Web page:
A study by HMRI respiratory researcher Bronwyn Berthon has pointed to a link between the dietary fibre intake of asthmatics and their lung function and airway inflammation.
“The cross-sectional study revealed associations between dietary intake and asthma outcomes, and was the first study in humans to show that people with severe asthma consumed less fibre and more fat than healthy controls,” Ms Berthon, a PhD student with HMRI’s Virus, Infections/immunity, Vaccines and Asthma (VIVA) program, said.
“We also found that higher fibre intake is related to better lung function and less airway inflammation.
“Australians generally don’t eat enough fibre which is important to keep your digestive system healthy. This study, however, points to a new role for fibre, and has shown that eating a higher fibre diet may be more important for people with asthma.”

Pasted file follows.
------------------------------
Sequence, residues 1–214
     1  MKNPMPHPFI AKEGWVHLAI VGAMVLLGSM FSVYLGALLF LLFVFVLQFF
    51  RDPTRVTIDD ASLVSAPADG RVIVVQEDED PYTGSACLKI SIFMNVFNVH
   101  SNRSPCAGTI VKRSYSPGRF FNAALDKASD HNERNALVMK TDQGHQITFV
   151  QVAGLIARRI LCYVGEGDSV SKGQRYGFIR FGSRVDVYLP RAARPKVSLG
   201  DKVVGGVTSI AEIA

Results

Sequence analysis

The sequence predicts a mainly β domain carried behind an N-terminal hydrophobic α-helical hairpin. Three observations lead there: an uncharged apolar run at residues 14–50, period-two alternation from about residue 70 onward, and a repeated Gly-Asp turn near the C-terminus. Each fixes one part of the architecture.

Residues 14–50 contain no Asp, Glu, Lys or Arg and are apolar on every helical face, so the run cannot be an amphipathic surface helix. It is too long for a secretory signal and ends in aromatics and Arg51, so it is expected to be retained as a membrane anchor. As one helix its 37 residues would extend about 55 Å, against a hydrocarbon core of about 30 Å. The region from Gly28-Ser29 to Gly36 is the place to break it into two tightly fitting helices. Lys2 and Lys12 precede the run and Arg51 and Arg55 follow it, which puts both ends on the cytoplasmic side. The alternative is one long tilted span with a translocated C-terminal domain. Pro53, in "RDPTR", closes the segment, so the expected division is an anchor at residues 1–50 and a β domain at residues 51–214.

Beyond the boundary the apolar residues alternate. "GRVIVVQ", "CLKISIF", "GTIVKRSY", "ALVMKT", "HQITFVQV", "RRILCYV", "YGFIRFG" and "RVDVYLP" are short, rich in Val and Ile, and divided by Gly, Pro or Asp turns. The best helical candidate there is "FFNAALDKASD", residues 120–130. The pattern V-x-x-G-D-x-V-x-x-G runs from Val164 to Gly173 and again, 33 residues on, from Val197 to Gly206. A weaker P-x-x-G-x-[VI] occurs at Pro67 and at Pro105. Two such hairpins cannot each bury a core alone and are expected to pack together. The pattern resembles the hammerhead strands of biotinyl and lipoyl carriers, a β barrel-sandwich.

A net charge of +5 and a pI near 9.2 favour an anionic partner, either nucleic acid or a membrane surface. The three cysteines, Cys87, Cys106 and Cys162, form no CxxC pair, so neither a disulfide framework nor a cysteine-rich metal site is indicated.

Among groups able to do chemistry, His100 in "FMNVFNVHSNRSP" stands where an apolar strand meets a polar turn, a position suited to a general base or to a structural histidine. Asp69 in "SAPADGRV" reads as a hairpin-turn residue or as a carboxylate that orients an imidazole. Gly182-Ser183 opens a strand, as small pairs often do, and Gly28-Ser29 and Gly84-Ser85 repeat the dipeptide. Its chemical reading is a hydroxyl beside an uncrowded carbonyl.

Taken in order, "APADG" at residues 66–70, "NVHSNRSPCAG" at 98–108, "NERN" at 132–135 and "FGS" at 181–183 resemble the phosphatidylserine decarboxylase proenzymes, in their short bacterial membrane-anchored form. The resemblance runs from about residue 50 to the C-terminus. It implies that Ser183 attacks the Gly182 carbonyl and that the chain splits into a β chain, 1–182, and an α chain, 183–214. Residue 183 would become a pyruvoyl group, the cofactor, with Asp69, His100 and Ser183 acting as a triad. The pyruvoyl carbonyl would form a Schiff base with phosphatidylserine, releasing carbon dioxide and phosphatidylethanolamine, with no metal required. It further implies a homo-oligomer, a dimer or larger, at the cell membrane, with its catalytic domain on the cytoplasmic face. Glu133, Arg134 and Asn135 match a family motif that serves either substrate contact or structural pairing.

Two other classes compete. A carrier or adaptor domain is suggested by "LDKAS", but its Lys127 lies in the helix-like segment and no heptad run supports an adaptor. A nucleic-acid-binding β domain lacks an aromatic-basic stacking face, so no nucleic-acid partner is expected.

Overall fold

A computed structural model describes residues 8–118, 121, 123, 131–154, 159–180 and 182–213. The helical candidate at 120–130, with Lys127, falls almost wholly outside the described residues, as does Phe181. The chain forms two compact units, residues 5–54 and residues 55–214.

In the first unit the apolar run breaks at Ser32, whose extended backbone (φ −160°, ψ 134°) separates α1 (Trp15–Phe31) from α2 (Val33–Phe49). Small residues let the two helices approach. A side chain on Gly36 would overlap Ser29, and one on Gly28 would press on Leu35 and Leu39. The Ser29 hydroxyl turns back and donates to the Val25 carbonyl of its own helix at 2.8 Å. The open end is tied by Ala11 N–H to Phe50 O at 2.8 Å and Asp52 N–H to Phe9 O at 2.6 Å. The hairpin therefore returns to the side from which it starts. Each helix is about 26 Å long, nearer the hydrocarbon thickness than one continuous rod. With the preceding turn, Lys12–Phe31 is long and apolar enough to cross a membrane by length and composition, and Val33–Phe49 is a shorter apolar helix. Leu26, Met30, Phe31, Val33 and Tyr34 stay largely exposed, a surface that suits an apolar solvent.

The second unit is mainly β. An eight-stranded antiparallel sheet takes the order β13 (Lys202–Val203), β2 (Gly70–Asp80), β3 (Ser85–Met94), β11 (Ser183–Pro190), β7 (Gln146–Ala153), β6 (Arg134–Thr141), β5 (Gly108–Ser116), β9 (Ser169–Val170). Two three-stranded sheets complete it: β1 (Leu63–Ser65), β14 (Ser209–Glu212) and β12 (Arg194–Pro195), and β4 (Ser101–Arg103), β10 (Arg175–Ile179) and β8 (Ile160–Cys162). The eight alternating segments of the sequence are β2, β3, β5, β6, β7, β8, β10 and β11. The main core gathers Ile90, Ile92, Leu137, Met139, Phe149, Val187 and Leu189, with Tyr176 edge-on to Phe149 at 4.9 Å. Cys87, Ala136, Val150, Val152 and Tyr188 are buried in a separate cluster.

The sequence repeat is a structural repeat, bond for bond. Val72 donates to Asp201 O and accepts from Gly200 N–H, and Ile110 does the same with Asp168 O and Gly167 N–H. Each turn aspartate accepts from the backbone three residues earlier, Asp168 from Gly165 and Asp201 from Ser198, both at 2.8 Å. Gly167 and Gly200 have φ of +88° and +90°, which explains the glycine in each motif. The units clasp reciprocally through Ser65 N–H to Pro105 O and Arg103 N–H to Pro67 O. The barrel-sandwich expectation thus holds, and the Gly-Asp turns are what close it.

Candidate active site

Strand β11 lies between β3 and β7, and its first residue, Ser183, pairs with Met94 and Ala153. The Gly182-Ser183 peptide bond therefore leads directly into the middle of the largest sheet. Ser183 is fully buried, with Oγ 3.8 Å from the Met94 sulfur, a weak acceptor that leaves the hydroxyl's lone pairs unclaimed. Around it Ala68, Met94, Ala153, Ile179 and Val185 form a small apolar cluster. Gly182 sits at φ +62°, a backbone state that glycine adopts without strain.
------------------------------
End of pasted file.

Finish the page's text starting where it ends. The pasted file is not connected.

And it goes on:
The study results are published in Respirology, official journal of the Asian Pacific Society of Respirology. Co-authors were University of Newcastle researchers Dr Lesley MacDonald-Wicks, Professor Peter Gibson and Dr Lisa Wood.
The cohort comprised 137 asthma sufferers and 65 health control participants, within a range of body weights.
“We now need to follow up with a randomised controlled trial to say definitively that if we change their diet it will improve asthma symptoms,” Ms Berthon said.
Good sources of fibre include wholegrain and wholemeal foods, fruit, vegetables and legumes.
The Editor of Respirology, Dr Anne Dixon from the University of Vermont, referenced the Newcastle study in her editorial, noting that changes in diet are likely to be important in the development and progression of airway disease.
“The recent publication by Berthon et al. provides an important perspective on diet and asthma, and points to a way forward for future investigations,” Dr Dixon wrote. “Interventional studies of diet in asthma will be of the utmost importance and dietary composition may be an important factor contributing to poor asthma control.”